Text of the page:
Erica Buchberger. Shifting Ethnic Identities in Spain and Gaul, 500-700: From Romans to Goths and Franks. Late Antique and Early Medieval Iberia Series. Amsterdam: Amsterdam University Press, 2017. 218 pp. $99.00 (cloth), ISBN 978-90-8964-880-8.
Reviewed by K. Patrick Fazioli (Mercy College)
Published on H-Medieval (August, 2018)
Commissioned by Irene Jacobs
Over the past several decades, few topics in early medieval history have attracted as much attention, or courted as much controversy, as the role of ethnic identity in the transition from the late Roman world to the early Middle Ages. One key disagreement has been over the relative merits of the “ethnogenesis” model, which views ethnicity as a (if not the) driving force in the dissolution of the Western Empire into a patchwork of “barbarian” kingdoms. This framework continues to be widely embraced by both historians and archaeologists in spite of a growing number of theoretical, methodological, and historiographical critiques. Although these debates sometimes feel like they generate more heat than light, the issue of how Romanized populations reimagined their collective identities during an era of political instability, economic reorganization, and massive demographic shifts remains both a fascinating and frustrating area of inquiry.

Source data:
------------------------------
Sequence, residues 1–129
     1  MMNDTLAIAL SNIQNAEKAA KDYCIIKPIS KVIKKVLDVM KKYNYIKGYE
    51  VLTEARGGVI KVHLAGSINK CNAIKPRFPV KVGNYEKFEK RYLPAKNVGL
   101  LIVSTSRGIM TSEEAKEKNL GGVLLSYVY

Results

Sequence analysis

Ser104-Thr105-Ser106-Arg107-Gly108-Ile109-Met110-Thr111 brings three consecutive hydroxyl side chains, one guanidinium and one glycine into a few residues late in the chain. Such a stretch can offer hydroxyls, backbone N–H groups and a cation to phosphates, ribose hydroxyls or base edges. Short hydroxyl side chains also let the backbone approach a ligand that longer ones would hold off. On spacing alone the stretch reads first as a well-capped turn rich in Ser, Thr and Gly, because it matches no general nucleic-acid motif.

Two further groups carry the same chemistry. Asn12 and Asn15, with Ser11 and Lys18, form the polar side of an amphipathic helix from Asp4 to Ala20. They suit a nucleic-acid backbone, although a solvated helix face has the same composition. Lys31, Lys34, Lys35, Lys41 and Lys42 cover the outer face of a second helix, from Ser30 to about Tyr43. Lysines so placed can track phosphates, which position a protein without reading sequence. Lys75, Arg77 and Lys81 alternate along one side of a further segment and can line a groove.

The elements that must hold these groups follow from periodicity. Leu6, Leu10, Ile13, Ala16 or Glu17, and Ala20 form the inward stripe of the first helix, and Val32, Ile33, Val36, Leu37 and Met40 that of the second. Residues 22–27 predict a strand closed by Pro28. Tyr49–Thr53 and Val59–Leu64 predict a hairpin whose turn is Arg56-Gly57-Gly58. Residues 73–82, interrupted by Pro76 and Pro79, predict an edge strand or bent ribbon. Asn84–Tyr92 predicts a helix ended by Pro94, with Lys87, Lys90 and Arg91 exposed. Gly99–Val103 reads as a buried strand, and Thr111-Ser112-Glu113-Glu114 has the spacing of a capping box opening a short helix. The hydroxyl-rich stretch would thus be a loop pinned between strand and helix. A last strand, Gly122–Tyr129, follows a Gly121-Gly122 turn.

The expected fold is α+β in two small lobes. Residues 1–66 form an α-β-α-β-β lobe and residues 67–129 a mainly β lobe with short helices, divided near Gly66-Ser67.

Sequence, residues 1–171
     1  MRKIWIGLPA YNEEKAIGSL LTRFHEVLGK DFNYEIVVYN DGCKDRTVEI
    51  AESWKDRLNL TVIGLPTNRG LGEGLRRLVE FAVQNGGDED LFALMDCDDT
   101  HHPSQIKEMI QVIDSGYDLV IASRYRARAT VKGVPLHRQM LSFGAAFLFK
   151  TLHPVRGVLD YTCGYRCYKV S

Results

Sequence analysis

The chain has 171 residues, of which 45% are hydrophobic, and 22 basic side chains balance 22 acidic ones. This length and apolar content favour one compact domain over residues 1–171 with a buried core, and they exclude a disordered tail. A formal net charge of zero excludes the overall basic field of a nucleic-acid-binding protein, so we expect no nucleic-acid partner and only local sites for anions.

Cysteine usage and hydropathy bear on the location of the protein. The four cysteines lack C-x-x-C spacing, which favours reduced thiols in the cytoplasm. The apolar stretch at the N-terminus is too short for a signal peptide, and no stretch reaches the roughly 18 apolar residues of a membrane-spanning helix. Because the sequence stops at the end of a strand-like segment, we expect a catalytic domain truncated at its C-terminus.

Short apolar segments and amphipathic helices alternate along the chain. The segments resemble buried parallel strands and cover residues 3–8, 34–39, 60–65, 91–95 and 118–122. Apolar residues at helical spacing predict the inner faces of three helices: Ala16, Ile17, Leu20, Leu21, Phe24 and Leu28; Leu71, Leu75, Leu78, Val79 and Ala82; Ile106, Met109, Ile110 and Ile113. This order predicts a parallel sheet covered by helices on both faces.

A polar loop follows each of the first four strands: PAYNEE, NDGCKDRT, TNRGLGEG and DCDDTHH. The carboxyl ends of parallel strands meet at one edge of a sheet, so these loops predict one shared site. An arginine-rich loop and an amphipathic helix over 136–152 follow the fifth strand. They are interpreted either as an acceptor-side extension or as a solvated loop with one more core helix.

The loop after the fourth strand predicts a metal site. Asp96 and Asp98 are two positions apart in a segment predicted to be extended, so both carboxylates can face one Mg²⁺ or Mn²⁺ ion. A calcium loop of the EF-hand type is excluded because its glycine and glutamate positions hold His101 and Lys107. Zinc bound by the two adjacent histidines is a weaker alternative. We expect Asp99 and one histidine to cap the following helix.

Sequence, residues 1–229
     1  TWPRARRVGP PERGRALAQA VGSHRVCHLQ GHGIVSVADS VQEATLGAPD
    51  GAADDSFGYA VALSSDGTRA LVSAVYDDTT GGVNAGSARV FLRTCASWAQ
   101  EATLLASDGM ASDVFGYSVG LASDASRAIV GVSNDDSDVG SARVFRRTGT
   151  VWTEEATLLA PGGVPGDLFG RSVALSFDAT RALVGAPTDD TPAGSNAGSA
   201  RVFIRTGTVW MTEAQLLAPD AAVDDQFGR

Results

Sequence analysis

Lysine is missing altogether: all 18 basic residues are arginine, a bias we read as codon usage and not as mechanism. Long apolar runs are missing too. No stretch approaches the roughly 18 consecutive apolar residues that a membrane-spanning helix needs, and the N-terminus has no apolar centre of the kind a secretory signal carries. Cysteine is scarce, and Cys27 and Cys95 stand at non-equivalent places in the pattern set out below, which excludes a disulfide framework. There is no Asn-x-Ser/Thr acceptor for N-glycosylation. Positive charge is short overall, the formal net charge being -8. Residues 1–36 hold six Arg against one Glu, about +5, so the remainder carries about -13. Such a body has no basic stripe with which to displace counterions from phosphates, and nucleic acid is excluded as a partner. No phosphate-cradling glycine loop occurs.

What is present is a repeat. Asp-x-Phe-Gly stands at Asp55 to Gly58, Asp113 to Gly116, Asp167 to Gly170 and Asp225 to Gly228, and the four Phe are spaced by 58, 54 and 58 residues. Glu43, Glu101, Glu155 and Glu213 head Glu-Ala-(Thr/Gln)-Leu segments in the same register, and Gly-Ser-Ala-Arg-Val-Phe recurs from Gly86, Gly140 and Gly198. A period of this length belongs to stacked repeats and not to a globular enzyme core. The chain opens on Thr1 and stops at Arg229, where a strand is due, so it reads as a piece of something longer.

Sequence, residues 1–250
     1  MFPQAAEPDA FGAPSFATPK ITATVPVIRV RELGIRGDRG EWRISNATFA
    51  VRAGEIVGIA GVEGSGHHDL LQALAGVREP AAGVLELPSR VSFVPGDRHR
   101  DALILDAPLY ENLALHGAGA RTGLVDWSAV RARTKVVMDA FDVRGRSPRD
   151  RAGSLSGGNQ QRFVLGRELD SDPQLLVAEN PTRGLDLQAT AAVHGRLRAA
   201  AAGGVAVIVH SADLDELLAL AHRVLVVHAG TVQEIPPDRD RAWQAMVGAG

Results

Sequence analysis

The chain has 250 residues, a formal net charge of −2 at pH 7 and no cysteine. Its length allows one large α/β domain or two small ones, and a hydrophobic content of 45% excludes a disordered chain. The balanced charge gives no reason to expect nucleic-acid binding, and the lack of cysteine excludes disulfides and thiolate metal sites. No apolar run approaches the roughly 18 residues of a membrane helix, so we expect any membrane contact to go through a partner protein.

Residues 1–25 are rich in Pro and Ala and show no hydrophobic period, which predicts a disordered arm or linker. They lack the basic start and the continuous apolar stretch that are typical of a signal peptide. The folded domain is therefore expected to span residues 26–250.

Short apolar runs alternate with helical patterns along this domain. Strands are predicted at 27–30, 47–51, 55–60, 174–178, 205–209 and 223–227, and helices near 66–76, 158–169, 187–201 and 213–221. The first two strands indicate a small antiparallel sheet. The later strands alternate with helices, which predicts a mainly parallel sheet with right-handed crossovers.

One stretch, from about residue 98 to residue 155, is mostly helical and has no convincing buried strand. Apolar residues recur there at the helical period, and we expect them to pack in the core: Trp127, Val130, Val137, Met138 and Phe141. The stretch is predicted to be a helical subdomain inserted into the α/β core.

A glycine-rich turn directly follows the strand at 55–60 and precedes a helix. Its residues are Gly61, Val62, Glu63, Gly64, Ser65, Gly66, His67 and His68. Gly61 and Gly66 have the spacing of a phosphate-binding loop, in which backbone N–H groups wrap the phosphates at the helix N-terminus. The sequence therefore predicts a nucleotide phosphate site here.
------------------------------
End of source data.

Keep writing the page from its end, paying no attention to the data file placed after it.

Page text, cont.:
In Shifting Ethnic Identities in Spain and Gaul, 500-700: From Romans to Goths and Franks, Erica Buchberger approaches early medieval ethnicity from a comparative perspective, analyzing a range of primary texts from Visigothic Spain and Merovingian Gaul. Her introductory chapter begins by tracing the historiographical debates around this complicated and contentious issue, with the author championing the “new Vienna methodology” that accepts ethnicity as a viable topic of historical investigation while rejecting the controversial Traditionskern model that informed the first generation of ethnogenesis research. Part 1 (chapters 1-3) focuses on early medieval Iberia, where Visigothic kings consolidated their political power by the end of the sixth century but faced the challenge of unifying an ethnically and religiously heterogeneous population. Primary sources covered in these chapters include John of Biclar’s Chronicle, Isidore of Seville’s History of the Goths, The Lives of the Fathers of Mérida, and a variety of church councils and law codes. Part 2 (chapters 4-7) turns our attention to Gaul, where Merovingian kings also sought to bring an array of ethnic groups under their political hegemony. In this section, Buchberger examines how ethnonyms were employed by Gregory of Tours, Venantius Fortunatus, the Chronicle of Fredegar, and a selection of hagiographical works. Her conclusion synthesizes the findings of the two case studies and draws larger implications about the nature and function of ethnic identity in post-Roman western Europe.